Juneteenth: Commemorating the end of slavery in the United States

Dear fellow King County employee,

Tomorrow, June 19, we celebrate Juneteenth, marking the day in 1865 that Union soldiers landed in Galveston, Texas, with word that the Civil War had ended and that enslaved Africans were now free.

Juneteenth is the oldest known celebration commemorating the end of slavery in the United States, and is an opportunity to reflect on and learn about our nation’s history, Black history, our shared history. It is a time to celebrate the vital contributions that Black and African Americans have made – and continue to make – to this country. It is an opportunity to learn from some of the most shameful aspects of our past as we work to create a better future. It is also a reminder that we must redouble our efforts to intentionally dismantle the institutions of systemic racism and the unearned privilege that comes with being born white, and build an equitable, racially just future.

Black History is our history, the heritage of our nation and county. While Juneteenth is not yet a National Holiday, it is recognized as a state holiday or officially recognized in 47 states. As King County Executive, I want us to make Juneteenth a day of service, learning, action and progress for all King County employees. Further, I pledge to work with our labor partners and the King County Council toward the goal of making Juneteenth an official holiday in honor and recognition of the immense contributions of Black and African Americans. I want to honor and recognize King County’s government’s Black African leaders for organizing and allowing our employee community to be part of a series of “Town Halls on Race, Racism & Change in the Age of COVID-19.” These sessions, dedicated to collective reflection and action, unity, and healing, center on the depth and breadth of the Black African experience, especially in the wake of police violence against and killings of Black and Brown people, and the ongoing trauma of racialized violence. Our Balanced You Program has also curated a list of Emotional well-being resources for Black communities to support health and healing of our Black employees.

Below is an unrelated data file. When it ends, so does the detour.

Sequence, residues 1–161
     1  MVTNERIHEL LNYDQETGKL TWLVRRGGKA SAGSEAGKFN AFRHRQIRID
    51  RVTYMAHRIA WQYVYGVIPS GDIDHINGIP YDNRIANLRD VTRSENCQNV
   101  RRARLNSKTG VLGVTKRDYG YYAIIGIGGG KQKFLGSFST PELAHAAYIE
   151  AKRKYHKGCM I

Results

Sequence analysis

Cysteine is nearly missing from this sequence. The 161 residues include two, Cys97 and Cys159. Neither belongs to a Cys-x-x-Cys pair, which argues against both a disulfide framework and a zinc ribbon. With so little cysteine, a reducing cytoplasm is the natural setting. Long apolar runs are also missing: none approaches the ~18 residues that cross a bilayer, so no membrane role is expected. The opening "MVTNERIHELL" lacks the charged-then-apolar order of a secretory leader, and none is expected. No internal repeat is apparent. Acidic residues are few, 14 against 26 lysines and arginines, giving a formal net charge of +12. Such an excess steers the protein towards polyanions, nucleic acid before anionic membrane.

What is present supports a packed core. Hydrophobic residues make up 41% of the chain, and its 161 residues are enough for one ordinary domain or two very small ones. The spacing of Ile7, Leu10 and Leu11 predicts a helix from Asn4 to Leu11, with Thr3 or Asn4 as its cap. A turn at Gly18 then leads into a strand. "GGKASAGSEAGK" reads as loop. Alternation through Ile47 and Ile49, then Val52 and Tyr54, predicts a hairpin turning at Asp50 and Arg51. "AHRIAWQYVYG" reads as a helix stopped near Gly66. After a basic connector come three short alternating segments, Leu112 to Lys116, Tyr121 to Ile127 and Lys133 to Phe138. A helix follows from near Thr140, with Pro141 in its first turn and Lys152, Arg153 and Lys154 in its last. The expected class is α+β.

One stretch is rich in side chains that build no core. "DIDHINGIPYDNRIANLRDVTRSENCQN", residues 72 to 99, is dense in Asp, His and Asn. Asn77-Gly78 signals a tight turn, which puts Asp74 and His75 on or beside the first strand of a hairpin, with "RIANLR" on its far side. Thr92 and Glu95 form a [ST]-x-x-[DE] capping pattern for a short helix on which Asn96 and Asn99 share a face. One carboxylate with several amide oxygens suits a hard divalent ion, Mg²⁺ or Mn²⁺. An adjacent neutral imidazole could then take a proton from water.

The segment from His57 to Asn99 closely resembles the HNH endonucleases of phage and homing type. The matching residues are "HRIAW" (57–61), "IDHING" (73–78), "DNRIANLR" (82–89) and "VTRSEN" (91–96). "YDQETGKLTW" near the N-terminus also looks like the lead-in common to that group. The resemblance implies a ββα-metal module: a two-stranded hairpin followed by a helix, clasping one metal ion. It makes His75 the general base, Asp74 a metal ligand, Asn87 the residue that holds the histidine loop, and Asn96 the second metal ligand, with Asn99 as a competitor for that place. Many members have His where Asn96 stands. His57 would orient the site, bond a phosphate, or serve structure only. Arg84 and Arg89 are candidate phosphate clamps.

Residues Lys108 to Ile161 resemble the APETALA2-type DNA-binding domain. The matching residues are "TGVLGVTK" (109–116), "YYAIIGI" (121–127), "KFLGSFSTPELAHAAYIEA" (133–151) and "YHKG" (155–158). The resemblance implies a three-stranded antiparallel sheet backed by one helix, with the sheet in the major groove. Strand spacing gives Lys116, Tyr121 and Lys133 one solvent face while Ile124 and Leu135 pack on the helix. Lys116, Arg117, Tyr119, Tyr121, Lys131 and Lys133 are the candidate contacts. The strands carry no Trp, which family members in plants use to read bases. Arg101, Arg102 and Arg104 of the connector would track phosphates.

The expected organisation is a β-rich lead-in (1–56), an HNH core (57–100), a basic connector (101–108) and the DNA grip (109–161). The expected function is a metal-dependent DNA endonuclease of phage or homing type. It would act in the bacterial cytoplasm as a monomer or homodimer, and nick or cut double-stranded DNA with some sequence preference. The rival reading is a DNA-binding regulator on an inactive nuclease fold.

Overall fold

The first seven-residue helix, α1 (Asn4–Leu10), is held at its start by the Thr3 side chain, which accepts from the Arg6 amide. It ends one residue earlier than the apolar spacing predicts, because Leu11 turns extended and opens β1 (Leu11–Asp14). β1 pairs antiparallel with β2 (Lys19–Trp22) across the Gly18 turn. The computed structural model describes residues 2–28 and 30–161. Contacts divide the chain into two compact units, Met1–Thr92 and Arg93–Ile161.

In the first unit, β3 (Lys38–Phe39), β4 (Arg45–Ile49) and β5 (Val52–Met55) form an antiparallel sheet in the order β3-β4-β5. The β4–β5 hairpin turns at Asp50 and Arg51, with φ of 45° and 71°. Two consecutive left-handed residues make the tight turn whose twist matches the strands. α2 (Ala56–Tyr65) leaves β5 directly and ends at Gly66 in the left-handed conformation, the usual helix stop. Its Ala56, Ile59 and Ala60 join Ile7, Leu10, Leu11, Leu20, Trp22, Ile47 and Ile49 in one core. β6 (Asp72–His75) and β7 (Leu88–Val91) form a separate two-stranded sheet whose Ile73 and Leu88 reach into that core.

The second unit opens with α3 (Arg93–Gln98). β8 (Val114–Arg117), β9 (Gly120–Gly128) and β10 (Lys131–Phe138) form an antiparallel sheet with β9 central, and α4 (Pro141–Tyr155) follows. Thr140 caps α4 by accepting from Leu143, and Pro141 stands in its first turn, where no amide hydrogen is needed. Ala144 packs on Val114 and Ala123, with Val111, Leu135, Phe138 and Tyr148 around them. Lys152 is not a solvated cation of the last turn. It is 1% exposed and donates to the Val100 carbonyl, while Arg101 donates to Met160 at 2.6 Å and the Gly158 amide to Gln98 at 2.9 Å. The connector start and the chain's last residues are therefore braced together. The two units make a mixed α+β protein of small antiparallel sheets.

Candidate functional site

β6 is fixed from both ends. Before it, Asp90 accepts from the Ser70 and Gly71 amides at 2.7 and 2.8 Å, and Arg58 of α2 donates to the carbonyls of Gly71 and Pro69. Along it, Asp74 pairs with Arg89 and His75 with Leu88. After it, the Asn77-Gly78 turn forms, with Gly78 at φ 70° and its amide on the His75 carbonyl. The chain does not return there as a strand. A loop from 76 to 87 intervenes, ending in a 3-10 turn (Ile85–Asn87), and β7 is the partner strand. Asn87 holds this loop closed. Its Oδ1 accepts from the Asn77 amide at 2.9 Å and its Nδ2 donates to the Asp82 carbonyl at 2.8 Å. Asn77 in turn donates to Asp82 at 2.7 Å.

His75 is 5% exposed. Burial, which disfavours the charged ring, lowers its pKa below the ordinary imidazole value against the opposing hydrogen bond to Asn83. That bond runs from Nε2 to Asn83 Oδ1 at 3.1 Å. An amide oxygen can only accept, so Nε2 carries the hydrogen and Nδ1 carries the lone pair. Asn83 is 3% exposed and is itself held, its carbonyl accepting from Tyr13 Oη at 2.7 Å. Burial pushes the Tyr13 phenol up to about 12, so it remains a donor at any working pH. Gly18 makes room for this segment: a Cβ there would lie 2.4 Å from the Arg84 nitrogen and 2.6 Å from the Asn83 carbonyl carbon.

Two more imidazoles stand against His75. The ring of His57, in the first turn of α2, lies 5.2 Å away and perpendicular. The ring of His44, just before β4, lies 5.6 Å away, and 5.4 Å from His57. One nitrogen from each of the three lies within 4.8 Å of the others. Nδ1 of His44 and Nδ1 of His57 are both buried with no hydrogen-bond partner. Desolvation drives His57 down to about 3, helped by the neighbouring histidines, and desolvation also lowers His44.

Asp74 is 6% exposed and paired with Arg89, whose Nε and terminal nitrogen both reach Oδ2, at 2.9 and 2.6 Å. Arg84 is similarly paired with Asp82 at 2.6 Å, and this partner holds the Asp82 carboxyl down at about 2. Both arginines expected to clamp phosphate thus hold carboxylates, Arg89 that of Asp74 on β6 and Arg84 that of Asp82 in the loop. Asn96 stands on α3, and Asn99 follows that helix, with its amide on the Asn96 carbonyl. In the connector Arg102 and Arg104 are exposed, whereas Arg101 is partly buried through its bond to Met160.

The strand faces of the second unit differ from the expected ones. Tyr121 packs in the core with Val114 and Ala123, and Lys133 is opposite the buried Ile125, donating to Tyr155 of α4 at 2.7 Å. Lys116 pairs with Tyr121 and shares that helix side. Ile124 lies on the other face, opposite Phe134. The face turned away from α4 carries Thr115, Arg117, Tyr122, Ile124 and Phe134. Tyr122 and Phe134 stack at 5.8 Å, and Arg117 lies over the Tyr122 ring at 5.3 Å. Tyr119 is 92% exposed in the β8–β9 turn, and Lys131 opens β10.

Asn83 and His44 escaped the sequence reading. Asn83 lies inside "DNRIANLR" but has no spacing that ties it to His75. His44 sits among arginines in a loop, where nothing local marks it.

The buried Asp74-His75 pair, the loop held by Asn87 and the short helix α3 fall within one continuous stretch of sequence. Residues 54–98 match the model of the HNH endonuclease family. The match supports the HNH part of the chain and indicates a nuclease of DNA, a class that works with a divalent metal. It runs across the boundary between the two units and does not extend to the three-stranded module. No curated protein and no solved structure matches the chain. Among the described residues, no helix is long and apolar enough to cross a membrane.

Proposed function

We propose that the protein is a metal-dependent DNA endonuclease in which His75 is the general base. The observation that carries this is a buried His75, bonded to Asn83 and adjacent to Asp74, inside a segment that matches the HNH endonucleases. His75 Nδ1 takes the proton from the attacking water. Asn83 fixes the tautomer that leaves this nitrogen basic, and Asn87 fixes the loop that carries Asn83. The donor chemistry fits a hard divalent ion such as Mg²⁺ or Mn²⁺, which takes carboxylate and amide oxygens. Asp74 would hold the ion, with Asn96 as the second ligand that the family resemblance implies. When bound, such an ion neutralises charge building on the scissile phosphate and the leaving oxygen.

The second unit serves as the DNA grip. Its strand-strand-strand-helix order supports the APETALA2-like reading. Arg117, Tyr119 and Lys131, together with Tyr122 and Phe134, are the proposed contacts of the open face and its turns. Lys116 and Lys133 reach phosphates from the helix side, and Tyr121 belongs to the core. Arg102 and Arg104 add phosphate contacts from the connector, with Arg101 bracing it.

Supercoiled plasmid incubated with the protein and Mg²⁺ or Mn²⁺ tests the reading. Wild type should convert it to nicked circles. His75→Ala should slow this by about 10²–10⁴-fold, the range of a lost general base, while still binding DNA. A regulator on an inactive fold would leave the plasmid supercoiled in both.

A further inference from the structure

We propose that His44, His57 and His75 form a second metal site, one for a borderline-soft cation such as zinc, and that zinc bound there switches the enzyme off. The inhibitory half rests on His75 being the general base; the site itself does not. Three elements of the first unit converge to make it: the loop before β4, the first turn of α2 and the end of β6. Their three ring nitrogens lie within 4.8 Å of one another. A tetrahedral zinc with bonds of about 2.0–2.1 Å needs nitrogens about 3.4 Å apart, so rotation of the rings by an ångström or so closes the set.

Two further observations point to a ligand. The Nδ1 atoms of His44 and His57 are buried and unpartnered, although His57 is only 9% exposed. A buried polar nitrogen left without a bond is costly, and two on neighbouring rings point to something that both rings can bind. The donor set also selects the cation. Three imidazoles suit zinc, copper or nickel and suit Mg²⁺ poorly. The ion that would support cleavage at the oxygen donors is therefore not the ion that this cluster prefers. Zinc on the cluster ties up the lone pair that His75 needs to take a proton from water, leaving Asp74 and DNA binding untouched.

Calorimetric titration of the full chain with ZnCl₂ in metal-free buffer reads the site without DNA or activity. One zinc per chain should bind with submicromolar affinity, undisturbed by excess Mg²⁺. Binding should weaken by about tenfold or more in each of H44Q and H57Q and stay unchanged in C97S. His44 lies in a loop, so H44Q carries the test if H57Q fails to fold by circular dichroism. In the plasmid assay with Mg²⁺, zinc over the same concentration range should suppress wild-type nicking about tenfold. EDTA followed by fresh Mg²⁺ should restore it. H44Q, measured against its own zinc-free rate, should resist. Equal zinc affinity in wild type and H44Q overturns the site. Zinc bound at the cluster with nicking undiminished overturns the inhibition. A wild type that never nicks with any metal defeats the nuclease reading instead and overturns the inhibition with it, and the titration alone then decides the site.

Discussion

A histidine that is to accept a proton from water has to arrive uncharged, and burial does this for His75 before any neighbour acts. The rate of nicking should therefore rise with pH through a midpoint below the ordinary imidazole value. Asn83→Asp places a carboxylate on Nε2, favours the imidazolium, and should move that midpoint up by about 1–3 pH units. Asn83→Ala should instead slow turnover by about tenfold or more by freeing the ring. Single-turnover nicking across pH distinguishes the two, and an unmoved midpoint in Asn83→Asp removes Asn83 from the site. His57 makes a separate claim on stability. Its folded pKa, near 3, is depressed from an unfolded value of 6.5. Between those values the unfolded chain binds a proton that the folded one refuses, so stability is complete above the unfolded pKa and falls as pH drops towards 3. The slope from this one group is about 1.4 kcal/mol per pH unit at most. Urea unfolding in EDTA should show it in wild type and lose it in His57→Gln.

Today, Black and African Americans continue to face deeply entrenched racism, violence, and discrimination. We all have a role to play in building a racially just future. We can start by learning about systemic racism and what we can do to dismantle it. Let us commemorate Juneteenth as a day of healing and reflection for Black employees, and a day of service for all King County employees. I strongly encourage us each to donate or volunteer as we are able at local community-based organizations that are Black-led or advance issues and priorities for Black/African American communities. You can find a list of organizations that participate in our Employee Giving Program here. Later this year you will be able to donate time as well as money during the 2020 Annual Giving Drive. You can also find resources on being an anti-racism ally here.

Juneteenth 2020 is a time for hope, marked by historic demonstrations and calls for racial justice in King County and across the United States, indeed around the world. It is time to turn these calls into action, to harness the passion and momentum, to stand together and truly live our We are Racially Just value, to grasp this moment in our history and build a future free of racism, violence, and hate.





Dow Constantine
King County Executive